Peak Demand Estimates

The maximum hourly or peak-demand flow upon which to base the design of a water distribution system should be determined for each situation. A small residential community, for example, would have characteristics different from a new realty subdivision, central school, or children's camp. Therefore, the design flow to determine distribution system capacity should reflect the pattern of living or operation, probable water usage, and demand of that particular type of establishment or community. At the same time, consideration should be given to the location of existing and future institutions, industrial areas, suburban or fringe areas, highways, shopping centers, schools, subdivisions, and direction of growth. In this connection, reference to the city, town, or regional comprehensive or master plan, where available, can be very helpful. Larger cities generally have a higher per-capita water consumption than smaller cities, but smaller communities have higher percentage peak-demand flow than larger communities.

The maximum hourly domestic water consumption for cities with a population above 50,000 will vary from about 200 to 700 percent of the average-day annual hourly water consumption; the maximum hourly water demand in smaller cities will probably vary from 300 to 1,000 percent of the average-day annual hourly water consumption. The daily variation is reported to be 150 to 250 percent, and the monthly variation 120 to 150 percent of the average annual daily demand in small cities.159 A survey of 647 utilities serving populations of 10,000 or more in 1970 found the mean maximum daily demand to be 1.78 times the average day, with a range of 1.00 to 5.22. Studies in England showed that the peak flow is about 10 times the average flow in cities with a population of 5,000.160 It can be said that the smaller and newer the community, the greater the probable variation in water consumption from the average will be.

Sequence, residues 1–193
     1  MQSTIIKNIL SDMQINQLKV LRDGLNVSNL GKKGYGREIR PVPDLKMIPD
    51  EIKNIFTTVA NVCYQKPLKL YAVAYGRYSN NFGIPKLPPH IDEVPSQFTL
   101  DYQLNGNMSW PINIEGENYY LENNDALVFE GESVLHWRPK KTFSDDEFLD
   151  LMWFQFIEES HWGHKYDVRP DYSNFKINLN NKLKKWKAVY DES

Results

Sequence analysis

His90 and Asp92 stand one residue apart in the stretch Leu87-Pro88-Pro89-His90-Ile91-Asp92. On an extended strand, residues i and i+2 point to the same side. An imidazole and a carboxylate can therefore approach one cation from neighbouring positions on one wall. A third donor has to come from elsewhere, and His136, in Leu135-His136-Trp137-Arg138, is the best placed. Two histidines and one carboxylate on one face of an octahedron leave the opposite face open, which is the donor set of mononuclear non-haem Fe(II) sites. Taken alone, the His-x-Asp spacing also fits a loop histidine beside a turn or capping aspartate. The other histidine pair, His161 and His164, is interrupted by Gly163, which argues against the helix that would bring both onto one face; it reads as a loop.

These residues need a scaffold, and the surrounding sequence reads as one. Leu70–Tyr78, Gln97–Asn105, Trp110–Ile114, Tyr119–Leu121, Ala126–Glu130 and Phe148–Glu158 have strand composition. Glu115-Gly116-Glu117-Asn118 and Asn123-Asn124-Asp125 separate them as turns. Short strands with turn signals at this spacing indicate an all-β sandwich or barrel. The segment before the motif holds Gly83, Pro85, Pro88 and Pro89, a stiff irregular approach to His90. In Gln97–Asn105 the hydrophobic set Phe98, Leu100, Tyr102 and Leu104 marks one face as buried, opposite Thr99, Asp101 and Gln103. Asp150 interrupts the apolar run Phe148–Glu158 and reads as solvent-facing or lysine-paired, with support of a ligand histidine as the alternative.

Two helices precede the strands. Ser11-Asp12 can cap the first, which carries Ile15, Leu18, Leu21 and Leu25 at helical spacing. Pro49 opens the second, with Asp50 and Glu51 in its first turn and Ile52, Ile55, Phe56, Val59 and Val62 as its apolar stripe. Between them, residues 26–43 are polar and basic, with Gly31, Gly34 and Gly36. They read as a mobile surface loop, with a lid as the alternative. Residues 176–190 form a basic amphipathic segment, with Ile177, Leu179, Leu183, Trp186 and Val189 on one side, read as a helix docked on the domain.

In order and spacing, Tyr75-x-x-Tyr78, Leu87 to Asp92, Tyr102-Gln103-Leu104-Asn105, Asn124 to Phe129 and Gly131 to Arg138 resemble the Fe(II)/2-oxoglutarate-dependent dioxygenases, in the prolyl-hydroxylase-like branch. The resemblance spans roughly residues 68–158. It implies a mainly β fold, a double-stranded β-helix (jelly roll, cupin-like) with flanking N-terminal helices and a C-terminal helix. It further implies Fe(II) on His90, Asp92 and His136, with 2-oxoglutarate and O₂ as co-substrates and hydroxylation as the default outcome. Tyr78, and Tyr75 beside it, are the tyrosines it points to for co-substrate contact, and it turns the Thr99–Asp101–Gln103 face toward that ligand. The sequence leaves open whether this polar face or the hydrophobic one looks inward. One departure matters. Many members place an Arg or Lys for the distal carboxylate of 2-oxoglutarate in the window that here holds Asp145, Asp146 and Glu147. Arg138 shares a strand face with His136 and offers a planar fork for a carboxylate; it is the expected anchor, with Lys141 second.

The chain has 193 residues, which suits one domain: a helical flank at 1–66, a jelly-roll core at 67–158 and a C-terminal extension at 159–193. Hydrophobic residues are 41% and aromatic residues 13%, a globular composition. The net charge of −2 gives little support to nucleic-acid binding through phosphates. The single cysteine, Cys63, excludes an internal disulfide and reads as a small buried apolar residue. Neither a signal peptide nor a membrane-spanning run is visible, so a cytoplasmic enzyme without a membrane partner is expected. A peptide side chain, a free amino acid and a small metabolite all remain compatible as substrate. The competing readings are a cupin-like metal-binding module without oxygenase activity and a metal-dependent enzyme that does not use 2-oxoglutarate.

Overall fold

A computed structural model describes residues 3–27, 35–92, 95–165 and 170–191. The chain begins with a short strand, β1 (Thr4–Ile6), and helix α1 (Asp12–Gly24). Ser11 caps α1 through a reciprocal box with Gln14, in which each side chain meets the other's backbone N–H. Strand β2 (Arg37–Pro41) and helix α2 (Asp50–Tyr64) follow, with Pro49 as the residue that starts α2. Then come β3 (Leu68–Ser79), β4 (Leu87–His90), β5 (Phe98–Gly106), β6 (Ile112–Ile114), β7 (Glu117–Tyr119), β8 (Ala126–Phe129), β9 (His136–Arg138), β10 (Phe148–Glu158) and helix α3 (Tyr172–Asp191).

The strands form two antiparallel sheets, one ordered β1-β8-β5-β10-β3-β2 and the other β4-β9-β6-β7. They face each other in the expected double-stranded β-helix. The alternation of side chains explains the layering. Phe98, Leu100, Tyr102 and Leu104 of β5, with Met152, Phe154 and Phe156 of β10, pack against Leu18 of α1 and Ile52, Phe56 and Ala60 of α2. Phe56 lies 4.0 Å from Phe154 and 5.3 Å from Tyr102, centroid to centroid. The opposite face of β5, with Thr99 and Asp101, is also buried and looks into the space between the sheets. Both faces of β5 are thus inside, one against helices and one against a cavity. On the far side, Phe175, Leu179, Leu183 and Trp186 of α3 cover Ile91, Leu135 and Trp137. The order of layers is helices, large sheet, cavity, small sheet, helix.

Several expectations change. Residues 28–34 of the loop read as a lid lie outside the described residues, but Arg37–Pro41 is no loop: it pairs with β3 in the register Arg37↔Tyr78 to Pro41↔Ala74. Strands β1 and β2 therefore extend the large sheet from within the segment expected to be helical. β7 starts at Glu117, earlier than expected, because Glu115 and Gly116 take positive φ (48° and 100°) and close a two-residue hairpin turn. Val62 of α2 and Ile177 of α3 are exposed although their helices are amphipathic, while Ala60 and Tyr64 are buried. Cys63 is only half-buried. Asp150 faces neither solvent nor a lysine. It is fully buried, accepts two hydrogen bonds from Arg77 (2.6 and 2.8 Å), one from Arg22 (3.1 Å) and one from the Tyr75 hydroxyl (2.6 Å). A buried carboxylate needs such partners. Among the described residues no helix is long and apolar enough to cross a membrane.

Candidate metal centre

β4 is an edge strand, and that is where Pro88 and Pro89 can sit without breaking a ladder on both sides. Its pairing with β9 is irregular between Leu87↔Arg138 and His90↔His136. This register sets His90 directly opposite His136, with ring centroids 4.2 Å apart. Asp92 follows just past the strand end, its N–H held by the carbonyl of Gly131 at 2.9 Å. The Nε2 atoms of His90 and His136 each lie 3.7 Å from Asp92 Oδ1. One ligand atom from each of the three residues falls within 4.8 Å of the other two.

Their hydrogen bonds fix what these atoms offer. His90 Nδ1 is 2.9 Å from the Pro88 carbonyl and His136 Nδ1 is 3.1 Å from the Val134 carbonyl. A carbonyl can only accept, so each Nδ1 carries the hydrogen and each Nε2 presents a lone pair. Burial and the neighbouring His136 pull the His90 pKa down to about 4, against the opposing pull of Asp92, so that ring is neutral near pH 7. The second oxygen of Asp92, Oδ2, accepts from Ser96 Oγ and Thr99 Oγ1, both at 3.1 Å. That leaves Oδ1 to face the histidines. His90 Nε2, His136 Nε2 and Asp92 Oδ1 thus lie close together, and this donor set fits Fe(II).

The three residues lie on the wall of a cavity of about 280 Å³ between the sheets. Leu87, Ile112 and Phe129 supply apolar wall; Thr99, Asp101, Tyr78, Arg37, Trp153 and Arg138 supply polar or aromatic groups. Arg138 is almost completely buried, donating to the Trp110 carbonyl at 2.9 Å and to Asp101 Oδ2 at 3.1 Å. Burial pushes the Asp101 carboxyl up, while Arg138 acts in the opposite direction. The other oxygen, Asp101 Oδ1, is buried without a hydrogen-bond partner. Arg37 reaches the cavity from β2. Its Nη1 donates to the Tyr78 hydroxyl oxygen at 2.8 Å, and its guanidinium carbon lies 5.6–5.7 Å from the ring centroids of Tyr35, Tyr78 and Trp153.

Various bases have been used to estimate the probable peak demand at real estate subdivisions, camps, apartment buildings, and other places. One assumption for small water plants serving residential communities is to say that, for all practical purposes, almost all water for domestic purposes is used in 12 hours.161 The maximum hourly rate is taken as twice the maximum daily hourly rate, and the maximum daily hourly rate is 1.5 times the average maximum hourly rate. If the average maximum monthly flow is 1.5 times the average monthly annual flow, then the maximum hour's consumption rate is 9 times the average daily hourly flow rate.

Another basis used on Long Island is maximum daily flow rate = 4 times average daily flow rate; maximum 6-hour rate = 8 times average daily flow rate; and maximum 1-hour rate = 9.5 times average daily flow rate.162

A study of small water supply systems in Illinois seems to indicate that the maximum hourly demand rate is 6 times the average daily hourly consumption.163

An analysis by Wolff and Loos164 showed that peak water demands varied from 500 to 600 percent over the average day for older suburban neighborhoods with small lots; to 900 percent for neighborhoods with 0.25- to 0.5-acre lots; and to 1,500 percent for new and old neighborhoods with 0.33- to 3-acre lots. Kuranz, Taylor, and many others have also studied the variations in residential water use.165